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A native of Bern who celebrated his 75th birthday in April 2019, André Richard is a conductor, composer, and specialist in the performance of live electronic music. After studying singing, music theory, and composition in Geneva, he initially taught ear training at the Geneva Conservatoire but then decided to study composition with Klaus Huber and Brian Ferneyhough in Freiburg/Breisgau. In 1980, he took over the management of the Institute for New Music at the Freiburg Academy of Music and organized a concert series titled “Horizons.” He founded the Solistenchor Freiburg in 1982 to perform Luigi Nono’s Das atmende Klarsein and remained its leader until 2005. From 1989 to 2005, Richard directed the experimental studio at SWR Freiburg, where he realized numerous new works with live electronics and in the process became committed to advancing technological developments. Nono’s oeuvre has played a particularly important role in his activities, and in 2004 he was awarded the German Record Critics’ annual prize for his interpretations of this composer. Richard has appeared as a conductor at the Warsaw Autumn, Biennale di Venezia, Holland Festival, and Huddersfield Music Festival, as well as at numerous new music series. At the Salzburg Festival, he was responsible for the spatial acoustic concept and the sound design for Nono’s Prometeo and Caminantes ... Ayacucho, for Lachenmann’s Mädchen mit den Schwefelhölzern, and for Stockhausen’s Helicopter String Quartet. Richard has been a freelance artist since 2006, with credits that include work for Mark Andre’s opera ...22,13... as well as Klaus Huber’s Erinnere dich an Golgatha. André Richard has been awarded the Reinhold Schneider Prize (1990), the Christoph and Stephan Kaske Foundation Prize (1994), and the European Cultural Prize for New Music (1998).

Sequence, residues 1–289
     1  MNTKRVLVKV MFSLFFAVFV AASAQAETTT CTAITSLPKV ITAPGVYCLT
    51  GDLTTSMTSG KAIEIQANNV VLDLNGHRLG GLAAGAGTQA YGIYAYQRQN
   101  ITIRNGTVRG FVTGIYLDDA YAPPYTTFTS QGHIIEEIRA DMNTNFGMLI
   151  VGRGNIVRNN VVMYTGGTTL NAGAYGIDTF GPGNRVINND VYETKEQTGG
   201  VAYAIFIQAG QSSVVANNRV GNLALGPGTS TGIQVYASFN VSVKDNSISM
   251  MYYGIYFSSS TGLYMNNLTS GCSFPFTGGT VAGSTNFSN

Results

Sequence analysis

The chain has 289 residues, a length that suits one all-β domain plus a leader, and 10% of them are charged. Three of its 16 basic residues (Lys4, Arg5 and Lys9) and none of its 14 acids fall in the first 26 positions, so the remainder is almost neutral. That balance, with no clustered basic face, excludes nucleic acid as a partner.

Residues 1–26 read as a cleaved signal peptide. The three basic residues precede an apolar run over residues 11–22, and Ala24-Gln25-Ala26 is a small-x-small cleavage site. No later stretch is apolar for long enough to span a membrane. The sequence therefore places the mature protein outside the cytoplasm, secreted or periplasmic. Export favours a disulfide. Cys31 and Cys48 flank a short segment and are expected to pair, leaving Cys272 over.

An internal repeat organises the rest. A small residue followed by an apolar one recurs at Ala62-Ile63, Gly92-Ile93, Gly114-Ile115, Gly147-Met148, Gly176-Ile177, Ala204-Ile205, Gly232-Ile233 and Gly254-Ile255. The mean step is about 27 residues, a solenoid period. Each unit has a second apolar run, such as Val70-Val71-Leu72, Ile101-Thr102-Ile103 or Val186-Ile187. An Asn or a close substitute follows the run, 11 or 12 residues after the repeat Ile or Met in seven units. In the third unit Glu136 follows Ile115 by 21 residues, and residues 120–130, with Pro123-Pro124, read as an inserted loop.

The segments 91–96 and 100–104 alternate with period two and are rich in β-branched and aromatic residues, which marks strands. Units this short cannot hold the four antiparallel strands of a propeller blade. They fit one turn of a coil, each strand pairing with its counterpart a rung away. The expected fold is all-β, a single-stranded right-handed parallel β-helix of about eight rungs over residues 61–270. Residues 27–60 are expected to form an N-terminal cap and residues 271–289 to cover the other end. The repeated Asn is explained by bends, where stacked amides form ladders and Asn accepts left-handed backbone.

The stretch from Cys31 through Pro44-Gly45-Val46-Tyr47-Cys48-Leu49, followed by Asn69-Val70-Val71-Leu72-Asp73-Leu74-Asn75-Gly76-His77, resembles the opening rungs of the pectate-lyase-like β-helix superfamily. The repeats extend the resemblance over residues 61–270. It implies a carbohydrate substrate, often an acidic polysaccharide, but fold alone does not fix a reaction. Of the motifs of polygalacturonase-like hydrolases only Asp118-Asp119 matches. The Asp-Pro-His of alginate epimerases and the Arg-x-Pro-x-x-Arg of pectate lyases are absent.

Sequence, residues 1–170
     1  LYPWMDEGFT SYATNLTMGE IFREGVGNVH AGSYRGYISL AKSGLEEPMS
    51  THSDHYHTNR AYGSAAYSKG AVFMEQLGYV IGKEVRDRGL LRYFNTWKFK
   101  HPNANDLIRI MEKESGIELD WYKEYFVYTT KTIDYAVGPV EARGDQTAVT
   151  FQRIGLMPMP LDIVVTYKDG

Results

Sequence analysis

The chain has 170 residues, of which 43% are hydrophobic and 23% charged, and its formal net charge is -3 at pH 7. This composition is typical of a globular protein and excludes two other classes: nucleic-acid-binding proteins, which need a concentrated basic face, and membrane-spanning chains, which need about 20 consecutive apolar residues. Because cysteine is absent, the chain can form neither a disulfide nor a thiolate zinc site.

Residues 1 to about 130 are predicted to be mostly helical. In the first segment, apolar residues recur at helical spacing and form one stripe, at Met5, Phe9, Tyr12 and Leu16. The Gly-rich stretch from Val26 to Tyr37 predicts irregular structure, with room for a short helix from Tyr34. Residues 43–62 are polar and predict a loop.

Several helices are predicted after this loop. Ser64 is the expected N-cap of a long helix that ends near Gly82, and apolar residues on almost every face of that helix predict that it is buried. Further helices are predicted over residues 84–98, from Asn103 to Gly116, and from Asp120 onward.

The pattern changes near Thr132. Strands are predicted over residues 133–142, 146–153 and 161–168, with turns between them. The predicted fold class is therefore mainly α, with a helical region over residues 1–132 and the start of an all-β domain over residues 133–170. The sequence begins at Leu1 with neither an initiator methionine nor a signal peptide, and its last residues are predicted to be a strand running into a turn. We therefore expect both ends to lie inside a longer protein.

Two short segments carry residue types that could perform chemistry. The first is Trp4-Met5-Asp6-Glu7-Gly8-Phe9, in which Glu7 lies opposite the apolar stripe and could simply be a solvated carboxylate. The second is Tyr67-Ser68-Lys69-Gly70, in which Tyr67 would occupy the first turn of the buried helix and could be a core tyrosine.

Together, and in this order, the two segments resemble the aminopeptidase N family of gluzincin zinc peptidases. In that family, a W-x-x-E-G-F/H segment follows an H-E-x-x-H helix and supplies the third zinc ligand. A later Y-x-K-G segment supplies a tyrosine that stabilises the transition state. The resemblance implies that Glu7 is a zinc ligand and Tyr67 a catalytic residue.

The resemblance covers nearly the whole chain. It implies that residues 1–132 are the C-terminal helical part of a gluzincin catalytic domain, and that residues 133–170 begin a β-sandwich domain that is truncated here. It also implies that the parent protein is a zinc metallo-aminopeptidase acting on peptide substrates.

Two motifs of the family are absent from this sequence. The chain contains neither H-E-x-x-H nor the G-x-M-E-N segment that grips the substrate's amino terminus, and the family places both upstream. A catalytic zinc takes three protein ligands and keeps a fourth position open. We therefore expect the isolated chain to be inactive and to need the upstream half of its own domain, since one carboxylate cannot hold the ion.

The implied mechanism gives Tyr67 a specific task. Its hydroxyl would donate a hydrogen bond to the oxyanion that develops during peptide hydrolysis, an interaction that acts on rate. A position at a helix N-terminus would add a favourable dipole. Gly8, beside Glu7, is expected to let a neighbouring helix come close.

LUCERNE FESTIVAL debut on 24 August 2001 in Nono’s Prometeo.